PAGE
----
Robert Frost, North of Boston, 2nd edn. (New York: Henry Holt, 1915), pp. 133-35. PS 3511 R94N6 ROBA.
1Out walking in the frozen swamp one grey day
2I paused and said, "I will turn back from here.
3No, I will go on farther--and we shall see."
4The hard snow held me, save where now and then
6Straight up and down of tall slim trees
7Too much alike to mark or name a place by
8So as to say for certain I was here
9Or somewhere else: I was just far from home.
10A small bird flew before me. He was careful
11To put a tree between us when he lighted,
12And say no word to tell me who he was
13Who was so foolish as to think what he thought.
14He thought that I was after him for a feather--
15The white one in his tail; like one who takes
16Everything said as personal to himself.
17One flight out sideways would have undeceived him.
18And then there was a pile of wood for which
19I forgot him and let his little fear
20Carry him off the way I might have gone,
21Without so much as wishing him good-night.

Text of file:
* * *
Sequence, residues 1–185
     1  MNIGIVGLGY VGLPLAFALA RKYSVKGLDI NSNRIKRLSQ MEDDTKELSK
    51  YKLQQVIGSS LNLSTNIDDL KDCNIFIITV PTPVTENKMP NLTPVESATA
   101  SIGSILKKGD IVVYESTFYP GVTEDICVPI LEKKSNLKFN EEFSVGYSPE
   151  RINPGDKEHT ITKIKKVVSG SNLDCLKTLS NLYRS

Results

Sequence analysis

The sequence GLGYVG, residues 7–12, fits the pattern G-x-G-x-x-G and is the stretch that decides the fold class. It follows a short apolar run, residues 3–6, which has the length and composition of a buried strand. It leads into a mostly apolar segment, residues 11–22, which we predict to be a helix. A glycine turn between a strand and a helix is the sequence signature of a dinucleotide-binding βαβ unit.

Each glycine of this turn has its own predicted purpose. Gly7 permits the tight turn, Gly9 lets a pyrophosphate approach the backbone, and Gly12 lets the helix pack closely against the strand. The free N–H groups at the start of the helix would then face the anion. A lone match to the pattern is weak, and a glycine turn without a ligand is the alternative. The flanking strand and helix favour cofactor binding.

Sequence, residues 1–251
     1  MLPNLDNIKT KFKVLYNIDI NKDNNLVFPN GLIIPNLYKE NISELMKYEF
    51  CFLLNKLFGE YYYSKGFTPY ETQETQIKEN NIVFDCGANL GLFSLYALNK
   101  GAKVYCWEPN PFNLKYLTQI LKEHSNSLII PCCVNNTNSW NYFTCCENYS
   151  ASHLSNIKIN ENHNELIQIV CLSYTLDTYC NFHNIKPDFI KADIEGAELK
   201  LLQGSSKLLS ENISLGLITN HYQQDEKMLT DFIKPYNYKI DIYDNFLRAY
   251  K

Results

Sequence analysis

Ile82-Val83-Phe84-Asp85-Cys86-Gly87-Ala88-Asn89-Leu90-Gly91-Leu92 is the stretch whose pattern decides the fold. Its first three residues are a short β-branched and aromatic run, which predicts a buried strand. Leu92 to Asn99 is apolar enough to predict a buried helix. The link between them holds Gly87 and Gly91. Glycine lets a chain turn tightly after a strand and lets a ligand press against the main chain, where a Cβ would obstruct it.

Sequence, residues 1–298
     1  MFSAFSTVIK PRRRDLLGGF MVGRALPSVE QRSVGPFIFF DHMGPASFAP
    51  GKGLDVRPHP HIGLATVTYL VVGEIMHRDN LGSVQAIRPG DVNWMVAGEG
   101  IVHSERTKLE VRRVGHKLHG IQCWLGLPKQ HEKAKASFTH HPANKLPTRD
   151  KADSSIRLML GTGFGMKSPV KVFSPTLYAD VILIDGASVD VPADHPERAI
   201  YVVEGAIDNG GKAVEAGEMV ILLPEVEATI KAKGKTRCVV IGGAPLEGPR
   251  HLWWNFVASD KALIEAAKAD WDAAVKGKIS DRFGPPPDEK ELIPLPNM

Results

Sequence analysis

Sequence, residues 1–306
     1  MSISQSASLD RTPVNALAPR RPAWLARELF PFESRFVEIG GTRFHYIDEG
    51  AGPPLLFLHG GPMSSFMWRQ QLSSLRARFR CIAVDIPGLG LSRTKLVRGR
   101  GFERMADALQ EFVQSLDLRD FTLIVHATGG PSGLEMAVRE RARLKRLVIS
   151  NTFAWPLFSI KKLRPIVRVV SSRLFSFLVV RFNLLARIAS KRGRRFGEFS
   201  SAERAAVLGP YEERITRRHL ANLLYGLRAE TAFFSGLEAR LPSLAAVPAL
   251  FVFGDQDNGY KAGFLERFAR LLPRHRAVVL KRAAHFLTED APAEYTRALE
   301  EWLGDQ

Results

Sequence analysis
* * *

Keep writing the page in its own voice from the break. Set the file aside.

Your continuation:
22He went behind it to make his last stand.
23It was a cord of maple, cut and split
24And piled--and measured, four by four by eight.
25And not another like it could I see.
26No runner tracks in this year's snow looped near it.
27And it was older sure than this year's cutting,
28Or even last year's or the year's before.
29The wood was grey and the bark warping off it
31Had wound strings round and round it like a bundle.
32What held it though on one side was a tree
33Still growing, and on one a stake and prop,
34These latter about to fall. I thought that only
35Someone who lived in turning to fresh tasks
36Could so forget his handiwork on which
37He spent himself, the labour of his axe,
38And leave it there far from a useful fireplace
39To warm the frozen swamp as best it could
40With the slow smokeless burning of decay.
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